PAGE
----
Wrangling reproductive rights
Being a college student means making a lot of decisions on your own. An unexpected pregnancy can leave a college woman with a far more difficult decision to make.
Abortion is one of the leading issues in the 2016 presidential election. According to a Gallup Poll conducted before the 2012 election, one in six Americans are single-issue voters when it comes to abortion. A candidate’s stance on abortion can be one of the most important stances to take.
While ultimately United States’ federal law permits abortion, the next President of the United States could influence the conditions under which they are performed. Each state can make additional requirements of varying degrees concerning age, health, and term requirements.
Many students are concerned about the issue of reproductive rights and health, especially considering 53 percent of voters in the 2012 election were women, according to exit polls.
At the University of San Diego, women make up 56 percent of students.
Jillian Tullis, a communication studies professor, commented on the weight that reproductive rights carry as an election issue.
“I think [abortion is] an interesting issue that gets people charged,” Tullis said. “It hits people at their core.”
Each candidate has his or her own stance on topics such as abortion and birth control, which can sway voters’ preferences for one candidate or another.
Hillary Clinton is pro-choice and follows the arguably strong precedent set by the Democratic Party’s political platform. Clinton shared on her website that she is committed to fighting for women’s reproductive rights both in the workplace and at home.
“Women’s personal health decisions should be made by a woman, her family, and her faith, with the counsel of her doctor,” Clinton’s website said.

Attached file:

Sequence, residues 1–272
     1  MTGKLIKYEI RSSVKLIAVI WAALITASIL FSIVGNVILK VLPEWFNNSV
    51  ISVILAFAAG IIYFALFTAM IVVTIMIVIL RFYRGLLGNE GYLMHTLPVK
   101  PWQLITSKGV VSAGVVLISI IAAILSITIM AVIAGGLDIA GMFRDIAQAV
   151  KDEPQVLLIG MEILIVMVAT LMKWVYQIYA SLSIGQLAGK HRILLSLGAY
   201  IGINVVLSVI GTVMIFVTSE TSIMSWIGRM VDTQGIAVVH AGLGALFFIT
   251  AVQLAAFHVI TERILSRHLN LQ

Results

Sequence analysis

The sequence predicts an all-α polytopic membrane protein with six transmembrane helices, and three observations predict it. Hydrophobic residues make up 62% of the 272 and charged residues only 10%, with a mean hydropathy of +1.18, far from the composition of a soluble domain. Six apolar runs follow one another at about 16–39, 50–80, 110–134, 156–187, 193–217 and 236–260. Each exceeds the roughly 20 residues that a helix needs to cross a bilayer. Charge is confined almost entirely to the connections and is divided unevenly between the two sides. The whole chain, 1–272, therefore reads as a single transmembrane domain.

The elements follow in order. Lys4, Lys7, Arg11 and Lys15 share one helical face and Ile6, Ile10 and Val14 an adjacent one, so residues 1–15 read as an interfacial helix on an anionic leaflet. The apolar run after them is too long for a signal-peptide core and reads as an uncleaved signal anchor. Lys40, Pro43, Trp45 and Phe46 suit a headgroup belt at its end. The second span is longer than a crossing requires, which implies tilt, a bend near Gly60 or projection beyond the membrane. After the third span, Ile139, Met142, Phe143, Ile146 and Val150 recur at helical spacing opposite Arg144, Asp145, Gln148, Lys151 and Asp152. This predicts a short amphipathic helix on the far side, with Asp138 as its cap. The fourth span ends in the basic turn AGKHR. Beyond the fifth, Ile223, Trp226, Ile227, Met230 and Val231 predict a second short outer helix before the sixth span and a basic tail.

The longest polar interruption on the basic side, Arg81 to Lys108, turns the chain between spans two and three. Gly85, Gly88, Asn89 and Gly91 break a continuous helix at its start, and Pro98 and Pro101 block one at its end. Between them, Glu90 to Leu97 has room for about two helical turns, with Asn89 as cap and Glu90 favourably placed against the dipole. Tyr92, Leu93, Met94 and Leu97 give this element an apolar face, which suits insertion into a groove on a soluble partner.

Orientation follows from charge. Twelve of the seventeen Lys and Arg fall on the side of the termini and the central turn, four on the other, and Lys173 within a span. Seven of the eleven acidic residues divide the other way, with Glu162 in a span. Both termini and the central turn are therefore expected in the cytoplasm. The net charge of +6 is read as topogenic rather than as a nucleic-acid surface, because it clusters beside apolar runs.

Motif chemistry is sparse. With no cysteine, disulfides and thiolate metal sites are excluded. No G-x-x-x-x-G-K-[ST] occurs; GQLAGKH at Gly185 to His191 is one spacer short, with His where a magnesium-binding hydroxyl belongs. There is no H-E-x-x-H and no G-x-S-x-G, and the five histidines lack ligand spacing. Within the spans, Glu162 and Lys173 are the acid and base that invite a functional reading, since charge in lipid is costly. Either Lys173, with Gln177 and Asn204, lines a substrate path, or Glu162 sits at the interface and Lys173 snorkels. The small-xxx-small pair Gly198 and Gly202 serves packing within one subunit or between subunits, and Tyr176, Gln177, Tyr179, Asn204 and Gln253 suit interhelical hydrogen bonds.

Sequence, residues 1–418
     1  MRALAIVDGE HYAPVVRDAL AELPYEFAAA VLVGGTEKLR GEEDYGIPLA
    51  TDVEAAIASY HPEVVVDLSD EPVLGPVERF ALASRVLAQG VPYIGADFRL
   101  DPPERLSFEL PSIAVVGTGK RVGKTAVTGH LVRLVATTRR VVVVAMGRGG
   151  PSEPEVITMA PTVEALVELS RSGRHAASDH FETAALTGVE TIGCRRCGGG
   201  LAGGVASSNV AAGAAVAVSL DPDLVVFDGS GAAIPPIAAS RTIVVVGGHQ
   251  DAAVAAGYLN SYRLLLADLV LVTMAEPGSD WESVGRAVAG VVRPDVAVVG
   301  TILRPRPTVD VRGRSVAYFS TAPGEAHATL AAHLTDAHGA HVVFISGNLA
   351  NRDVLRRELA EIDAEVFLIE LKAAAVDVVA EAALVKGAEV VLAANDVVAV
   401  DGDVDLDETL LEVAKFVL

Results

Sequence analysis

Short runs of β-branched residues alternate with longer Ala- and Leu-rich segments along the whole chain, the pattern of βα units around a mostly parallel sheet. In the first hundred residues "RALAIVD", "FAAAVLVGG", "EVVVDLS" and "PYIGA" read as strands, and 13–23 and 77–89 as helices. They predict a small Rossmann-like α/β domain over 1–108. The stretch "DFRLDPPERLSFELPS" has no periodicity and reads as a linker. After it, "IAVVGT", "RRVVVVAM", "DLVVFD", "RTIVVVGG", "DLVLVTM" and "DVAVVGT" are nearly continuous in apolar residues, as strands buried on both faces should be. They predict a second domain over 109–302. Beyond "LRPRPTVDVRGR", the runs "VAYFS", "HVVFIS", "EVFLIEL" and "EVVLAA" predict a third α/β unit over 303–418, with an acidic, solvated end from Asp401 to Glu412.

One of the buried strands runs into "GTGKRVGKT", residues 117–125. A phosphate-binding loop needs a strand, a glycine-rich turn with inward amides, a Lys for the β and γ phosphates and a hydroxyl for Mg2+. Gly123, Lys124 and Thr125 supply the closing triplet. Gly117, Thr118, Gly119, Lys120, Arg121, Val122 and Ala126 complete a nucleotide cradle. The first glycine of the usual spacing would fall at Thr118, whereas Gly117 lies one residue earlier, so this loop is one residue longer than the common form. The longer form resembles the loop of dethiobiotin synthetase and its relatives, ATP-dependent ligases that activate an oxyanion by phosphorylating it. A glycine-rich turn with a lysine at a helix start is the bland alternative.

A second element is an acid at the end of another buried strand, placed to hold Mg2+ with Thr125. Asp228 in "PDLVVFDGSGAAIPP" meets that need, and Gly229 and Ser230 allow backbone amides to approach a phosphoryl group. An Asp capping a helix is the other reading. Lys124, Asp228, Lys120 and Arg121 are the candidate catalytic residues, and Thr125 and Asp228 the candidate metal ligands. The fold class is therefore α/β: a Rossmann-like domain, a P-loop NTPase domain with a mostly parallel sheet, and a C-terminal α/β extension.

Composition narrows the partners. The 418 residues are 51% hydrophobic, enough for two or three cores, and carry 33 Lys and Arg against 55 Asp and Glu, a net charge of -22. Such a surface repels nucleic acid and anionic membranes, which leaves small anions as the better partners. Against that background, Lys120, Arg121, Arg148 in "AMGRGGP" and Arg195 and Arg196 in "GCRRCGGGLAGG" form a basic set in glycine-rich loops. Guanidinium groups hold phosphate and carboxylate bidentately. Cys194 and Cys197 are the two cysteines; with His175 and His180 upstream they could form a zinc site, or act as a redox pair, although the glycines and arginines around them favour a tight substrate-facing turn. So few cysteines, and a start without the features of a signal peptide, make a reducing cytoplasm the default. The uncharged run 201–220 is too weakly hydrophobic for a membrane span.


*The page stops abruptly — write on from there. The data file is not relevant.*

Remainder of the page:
According to her website, Clinton also supports the Planned Parenthood Action Fund. Clinton said she considers the historic Supreme Court decision Roe v. Wade to be the foundation of women’s reproductive rights.
“Roe v. Wade is the touchstone of our reproductive freedom, the embodiment of our most fundamental rights, and no one—no judge, no governor, no Senator, no President—has the right to take it away,” her website said.
At the 2009 United Nations Population Fund conference Clinton explained that she strongly believes that women’s reproductive health should not be dependent on government oversight and approval.
“Government has no place in the personal decision a woman makes about whether to bring a child into the world,” Clinton said.
Jill Stein is the female third-party candidate from the Green Party and aligns with most of Clinton’s policies on reproductive health.
One aspect of Stein’s support for female reproductive rights includes the dissemination of information on reproductive health care and family planning programs. The Green Party candidate shared that she believes that in making information available, women will be better informed and that abortion may decline with stronger planning. Stein also has expressed support of accessible clinics, options for contraception, and consultation for and performance of abortions, regardless of age or marital status.
“A woman’s right to choose is a non-negotiable human right,” Stein said.
The two male candidates, Gary Johnson and Donald Trump, differ from one another on the issue of abortion.